Week of March 30 (Wed-Thurs): 8th Grade
Write sentences with Words to Know Lesson 20 words:*
- Stigma – a mark of shame
- Truculent – easily angered, having “a chip on one’s shoulder” (Bad attitude)
- Ulterior – hidden (ulterior motive)
- Vestige – a small amount, a trace of something
- Wary – cautious, alert, being on guard
*If you turned in sentences before the break, you do not have to do them again.
Read pages 492-498 in the American History text and answers the questions on the handout Chapter 18, Section1, which I gave out before the break.
All Grades – Monologue Assignment (will also be used in Mrs. McCool’s class)
Monologue: In theatre, a monologue is a speech presented by a single character, most often to express their mental thoughts aloud, though sometimes also to directly address another character or the audience. Monologues are common across the range of dramatic media, as well as in non-dramatic media such as poetry. (Wikipedia)
Your assignment is to write a monologue, which you will record and send to Mrs. McCool later, about what life is like during this period of pandemic and sheltering in place. As we know from our study of history, first person accounts (primary sources) are an important source for historians to learn about historical events and how people lived through them. You are living in an historical time right now, so record your experiences and feelings in writing. You can pretend you are 50 years in the future and are describing the Coronavirus pandemic to your grandchildren, or you can make up another scenario in which you are telling your story. You can write about what’s happening in the world, what’s happening in your life and the lives of those around you, and, MOST IMPORTANTLY, write how you feel about what’s happening and how it affects you. Give details and describe specific events or activities. Your monologue should be between 250 and 400 words. The rubric for the performance of the monologue is being posted as well.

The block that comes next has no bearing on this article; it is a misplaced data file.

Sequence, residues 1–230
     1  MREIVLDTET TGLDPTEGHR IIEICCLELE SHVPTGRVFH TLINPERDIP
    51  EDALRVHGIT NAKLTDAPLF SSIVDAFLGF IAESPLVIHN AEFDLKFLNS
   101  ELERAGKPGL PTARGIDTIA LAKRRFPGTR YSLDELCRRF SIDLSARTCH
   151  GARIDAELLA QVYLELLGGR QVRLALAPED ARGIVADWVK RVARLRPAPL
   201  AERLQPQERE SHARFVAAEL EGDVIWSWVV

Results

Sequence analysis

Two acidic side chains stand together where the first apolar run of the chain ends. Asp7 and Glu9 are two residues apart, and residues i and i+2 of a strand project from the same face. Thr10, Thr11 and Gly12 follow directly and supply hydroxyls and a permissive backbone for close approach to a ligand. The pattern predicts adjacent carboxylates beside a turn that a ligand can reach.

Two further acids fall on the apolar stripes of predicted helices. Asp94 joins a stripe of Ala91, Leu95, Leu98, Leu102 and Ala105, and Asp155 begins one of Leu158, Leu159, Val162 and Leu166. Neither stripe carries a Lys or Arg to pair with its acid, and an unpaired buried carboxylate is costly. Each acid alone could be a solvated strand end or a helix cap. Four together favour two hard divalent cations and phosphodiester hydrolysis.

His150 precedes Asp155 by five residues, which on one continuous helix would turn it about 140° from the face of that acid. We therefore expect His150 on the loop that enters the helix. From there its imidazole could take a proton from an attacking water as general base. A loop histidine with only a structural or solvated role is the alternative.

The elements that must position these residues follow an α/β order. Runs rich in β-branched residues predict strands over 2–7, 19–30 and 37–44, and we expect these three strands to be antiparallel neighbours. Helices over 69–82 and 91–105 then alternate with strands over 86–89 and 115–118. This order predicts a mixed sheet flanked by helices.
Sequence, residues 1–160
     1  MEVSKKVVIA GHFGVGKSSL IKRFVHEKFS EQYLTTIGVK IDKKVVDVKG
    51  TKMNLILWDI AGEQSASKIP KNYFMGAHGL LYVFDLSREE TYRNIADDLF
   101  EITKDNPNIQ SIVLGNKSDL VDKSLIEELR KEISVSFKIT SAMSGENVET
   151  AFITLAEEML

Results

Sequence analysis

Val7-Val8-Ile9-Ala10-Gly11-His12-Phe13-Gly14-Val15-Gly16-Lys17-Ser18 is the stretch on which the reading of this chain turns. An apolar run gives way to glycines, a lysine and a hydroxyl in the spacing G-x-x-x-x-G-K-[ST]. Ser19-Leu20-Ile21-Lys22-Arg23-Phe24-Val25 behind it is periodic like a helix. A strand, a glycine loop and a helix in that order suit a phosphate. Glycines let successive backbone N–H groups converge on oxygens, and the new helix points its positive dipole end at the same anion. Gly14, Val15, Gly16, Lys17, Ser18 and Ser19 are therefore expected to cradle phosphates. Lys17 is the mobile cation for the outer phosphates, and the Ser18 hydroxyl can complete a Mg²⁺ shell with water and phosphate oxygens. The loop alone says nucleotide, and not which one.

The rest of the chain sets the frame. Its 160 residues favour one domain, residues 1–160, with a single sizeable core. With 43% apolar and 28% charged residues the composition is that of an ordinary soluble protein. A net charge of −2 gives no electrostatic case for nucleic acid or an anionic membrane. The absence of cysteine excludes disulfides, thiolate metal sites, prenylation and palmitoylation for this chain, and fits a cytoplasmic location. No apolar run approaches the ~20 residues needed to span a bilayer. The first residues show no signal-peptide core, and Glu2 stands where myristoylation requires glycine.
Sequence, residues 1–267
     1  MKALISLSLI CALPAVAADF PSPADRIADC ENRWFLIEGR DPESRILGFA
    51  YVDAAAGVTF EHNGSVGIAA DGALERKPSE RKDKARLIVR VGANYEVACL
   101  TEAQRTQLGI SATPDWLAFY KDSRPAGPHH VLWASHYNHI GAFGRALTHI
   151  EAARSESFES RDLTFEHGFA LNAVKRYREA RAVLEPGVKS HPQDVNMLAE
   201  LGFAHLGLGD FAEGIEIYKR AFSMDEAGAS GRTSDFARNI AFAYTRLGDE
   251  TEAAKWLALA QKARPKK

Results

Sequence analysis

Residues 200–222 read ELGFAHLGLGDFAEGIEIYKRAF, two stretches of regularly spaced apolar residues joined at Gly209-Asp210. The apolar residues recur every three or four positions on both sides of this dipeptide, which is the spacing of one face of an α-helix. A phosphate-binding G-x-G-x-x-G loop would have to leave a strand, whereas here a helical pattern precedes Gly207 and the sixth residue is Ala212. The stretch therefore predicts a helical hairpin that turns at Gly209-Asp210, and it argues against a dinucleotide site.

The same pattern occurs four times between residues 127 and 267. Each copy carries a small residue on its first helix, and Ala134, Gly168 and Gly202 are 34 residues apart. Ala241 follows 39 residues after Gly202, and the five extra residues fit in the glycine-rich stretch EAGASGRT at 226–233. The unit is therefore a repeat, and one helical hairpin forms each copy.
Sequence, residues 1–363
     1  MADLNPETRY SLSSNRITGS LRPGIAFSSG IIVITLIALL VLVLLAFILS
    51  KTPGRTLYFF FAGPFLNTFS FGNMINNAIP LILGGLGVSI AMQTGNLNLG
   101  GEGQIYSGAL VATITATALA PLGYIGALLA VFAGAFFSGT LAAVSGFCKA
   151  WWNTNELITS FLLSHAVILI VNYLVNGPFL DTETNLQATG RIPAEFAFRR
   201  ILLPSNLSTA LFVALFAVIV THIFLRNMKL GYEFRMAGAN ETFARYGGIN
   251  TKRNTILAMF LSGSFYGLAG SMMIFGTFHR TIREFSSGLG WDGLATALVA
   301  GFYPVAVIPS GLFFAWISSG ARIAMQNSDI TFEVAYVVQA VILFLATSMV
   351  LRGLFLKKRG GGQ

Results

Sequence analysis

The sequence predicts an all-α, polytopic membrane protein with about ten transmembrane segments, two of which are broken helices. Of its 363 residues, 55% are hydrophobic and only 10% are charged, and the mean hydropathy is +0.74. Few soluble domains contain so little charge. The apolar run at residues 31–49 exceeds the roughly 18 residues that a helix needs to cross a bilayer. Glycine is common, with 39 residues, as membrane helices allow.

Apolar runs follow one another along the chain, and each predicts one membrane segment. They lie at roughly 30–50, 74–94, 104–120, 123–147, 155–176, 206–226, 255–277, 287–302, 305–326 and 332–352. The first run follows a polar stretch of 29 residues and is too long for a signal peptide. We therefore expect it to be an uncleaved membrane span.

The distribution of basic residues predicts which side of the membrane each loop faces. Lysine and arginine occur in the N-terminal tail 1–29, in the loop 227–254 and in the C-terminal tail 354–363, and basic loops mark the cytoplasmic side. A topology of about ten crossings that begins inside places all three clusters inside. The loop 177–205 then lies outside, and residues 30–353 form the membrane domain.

This monologue is due April 9. Please make sure you write it with plenty of time to re-read and edit it. And try reading it aloud to hear how it sounds. You can even read it to the people you are sheltering in place with, to see if they have comments for you.
CC Writing IV.3, 4, 10; CC Speaking V.1; Arts Anchor 10